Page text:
Among the wealth of demands facing the city’s elected officials during 2022 budget deliberations will be the long-talked-about Valley East Twin Pad Multipurpose Sports Complex.
The $29.2-million project has been bandied about for a few years and has been included as one of 28 business cases that city council will debate during three consecutive nights of budget deliberations beginning Monday night.
“It’s a big project, it’s a bad time,” Ward 5 Coun. Robert Kirwan said. “I don’t know how many of the projects are going to be picked up this year.
“They're all important, but when you look at them, oh my God, this is not a good year to be adding all of those things.”
Although Kirwan’s ward is south of the proposed site, near the Howard Armstrong Recreation Centre, he tends to represent it alongside Ward 6 Coun. Rene Lapierre because residents from both wards frequent the area.
While very much supportive of the twin pad arena, whose construction would eat up eight of the 28 acres of available city land (the balance of which would be developed into a trail and outdoor skating path), Kirwan said that 2022 might not be the best year to proceed.
“You almost have to say no to everything,” he said, pointing to the 4.7 per cent increase city administration has already proposed.
By declining a 1.5 per cent special capital levy increase city administration proposed, which Kirwan said city council is likely to do, they’ll be able to pare it down to a 3.2 per cent increase.
However, many of the business cases up for debate carry tax levy impacts that would notch the increase even higher.
“I’m almost at a point right now of saying any of these major things, we should wait until the next term. Let the election run out, because anyone who gets elected next October will be deciding on the budget for 2023, so this is a big one that I think needs a four-to-five-year plan,” Kirwan said, adding that he’ll join Lapierre in advocating for this project “quite strongly, but the rest of the city might not.”
Ward 8 Coun. Al Sizer offered a similar take last month, when he said he’s unlikely to support many business cases, as positive as they might be, due to ongoing concerns about the city’s growing debt and limited funding set aside in reserves.
Lapierre was a bit more optimistic about the project moving forward this year in conversation with Sudbury.com, arguing that it might not carry a 2022 tax levy impact at all.
The project’s business case, which city council is poised to debate, carries a proposed 2022 tax levy impact of $584,520, which translates to a tax levy increase of 0.19 per cent.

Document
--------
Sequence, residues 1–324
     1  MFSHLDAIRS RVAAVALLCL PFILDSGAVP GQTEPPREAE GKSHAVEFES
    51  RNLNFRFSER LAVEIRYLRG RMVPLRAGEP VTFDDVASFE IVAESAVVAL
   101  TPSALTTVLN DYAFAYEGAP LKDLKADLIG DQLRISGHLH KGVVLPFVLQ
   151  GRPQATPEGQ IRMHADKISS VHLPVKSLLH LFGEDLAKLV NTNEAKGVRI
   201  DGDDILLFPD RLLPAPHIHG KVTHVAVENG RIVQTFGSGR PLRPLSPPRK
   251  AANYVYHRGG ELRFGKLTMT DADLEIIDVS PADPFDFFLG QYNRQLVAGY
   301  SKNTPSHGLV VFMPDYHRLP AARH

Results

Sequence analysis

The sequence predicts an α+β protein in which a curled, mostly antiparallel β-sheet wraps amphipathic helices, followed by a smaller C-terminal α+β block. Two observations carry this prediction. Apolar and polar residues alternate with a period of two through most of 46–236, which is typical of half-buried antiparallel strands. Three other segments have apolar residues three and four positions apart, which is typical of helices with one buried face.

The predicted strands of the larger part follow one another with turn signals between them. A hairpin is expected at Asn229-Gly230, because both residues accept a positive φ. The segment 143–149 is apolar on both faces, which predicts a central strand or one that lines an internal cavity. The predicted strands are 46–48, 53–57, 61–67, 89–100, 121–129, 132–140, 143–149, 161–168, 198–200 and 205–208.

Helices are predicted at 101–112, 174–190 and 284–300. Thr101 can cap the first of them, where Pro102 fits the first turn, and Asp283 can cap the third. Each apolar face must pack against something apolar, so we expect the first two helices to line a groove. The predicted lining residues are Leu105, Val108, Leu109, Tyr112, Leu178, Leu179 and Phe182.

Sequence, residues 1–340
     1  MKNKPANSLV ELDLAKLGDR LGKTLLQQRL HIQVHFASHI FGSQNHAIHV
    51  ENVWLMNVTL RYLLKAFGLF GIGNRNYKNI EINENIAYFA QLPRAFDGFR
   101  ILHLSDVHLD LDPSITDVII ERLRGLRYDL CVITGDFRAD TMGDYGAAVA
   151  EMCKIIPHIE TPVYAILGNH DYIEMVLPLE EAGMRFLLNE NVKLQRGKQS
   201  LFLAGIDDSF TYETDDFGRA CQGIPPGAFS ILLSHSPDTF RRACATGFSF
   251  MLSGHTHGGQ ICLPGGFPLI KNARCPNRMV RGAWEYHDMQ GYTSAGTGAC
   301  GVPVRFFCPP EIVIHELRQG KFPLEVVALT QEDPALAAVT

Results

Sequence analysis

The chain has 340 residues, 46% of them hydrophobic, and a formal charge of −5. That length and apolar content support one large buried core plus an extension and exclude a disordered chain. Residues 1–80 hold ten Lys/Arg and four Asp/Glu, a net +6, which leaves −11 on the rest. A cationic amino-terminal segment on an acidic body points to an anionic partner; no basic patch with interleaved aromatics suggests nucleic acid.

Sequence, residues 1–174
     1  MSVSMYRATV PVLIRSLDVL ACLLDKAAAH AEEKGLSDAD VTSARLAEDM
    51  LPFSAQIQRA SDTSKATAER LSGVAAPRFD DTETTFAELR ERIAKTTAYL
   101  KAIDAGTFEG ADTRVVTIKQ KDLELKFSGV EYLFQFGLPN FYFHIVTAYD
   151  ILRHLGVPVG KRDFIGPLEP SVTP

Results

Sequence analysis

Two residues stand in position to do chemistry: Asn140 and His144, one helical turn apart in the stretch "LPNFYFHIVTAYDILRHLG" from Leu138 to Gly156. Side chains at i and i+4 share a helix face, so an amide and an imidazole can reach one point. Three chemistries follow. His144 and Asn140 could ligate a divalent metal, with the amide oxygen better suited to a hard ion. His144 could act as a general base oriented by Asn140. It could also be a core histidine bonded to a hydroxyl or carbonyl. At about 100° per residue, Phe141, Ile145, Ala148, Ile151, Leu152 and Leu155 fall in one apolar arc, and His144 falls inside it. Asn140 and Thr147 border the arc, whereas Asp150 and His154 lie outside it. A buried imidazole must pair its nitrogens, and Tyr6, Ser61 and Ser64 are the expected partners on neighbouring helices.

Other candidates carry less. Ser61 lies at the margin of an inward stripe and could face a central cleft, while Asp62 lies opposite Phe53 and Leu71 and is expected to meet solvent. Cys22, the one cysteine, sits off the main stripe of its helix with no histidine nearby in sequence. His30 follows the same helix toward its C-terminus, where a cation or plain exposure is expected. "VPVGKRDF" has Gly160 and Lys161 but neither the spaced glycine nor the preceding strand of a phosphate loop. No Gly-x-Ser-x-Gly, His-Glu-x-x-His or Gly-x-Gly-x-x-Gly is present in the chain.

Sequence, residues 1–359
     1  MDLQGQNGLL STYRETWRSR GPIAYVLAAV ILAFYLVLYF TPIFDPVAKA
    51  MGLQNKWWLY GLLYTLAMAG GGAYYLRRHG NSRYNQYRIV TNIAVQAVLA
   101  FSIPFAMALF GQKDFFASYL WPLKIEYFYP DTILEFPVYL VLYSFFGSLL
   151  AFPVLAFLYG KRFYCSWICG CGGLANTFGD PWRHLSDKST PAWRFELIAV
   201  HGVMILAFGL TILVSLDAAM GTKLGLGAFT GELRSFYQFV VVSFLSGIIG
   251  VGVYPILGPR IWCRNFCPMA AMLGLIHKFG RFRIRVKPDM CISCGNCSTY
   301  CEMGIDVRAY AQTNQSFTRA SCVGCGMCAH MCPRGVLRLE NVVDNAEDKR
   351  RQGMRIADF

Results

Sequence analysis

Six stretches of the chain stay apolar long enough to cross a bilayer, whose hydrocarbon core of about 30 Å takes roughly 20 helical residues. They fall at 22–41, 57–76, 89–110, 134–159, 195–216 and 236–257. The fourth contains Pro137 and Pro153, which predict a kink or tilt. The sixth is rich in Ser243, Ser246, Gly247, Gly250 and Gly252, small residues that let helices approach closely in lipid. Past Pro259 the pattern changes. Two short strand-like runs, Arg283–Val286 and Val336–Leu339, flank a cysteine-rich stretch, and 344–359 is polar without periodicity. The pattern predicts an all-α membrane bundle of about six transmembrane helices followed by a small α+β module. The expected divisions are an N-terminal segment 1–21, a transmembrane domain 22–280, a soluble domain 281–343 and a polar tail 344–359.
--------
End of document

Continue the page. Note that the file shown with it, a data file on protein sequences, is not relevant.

The project’s business case estimates the total project cost at $29.2 million, including an estimated construction cost of $23.5 million, design and contract administration costs of $2.2 million and a contingency of $3.5 million for design, tender escalation and change orders.
Decommissioning the Centennial Community Centre and Arena, Raymond Plourde Arena and area pad No. 1 of the Capreol Community Centre and Arena would result in a 10-year capital savings of $9.3 million and annual operating savings of $487,430.
Lapierre said the city will also apply for funding from senior levels of government and that the City of Sault Ste. Marie receiving $18 million in provincial funding for their twin pad arena is a positive sign moving forward.
“In the grand scheme of things, I think community-wise, it’s a fantastic project,” he said, adding that building the new facility also makes prudent fiscal sense because the region’s other, aging arenas are already poised to begin costing them a great deal of money.
“Everything is past its due life expectancy, and a lot of repairs are throwing money away that is a patch and not a permanent fix,” he said, adding that they can also employ environmentally conscious techniques and technology in the new build that are in keeping with the city’s Community Energy and Emissions Plan.
Complicating this year’s budget deliberations are those budget items centred on health care, which Kirwan said are “not our responsibility, but we’re being forced into it because we have to deal with people.”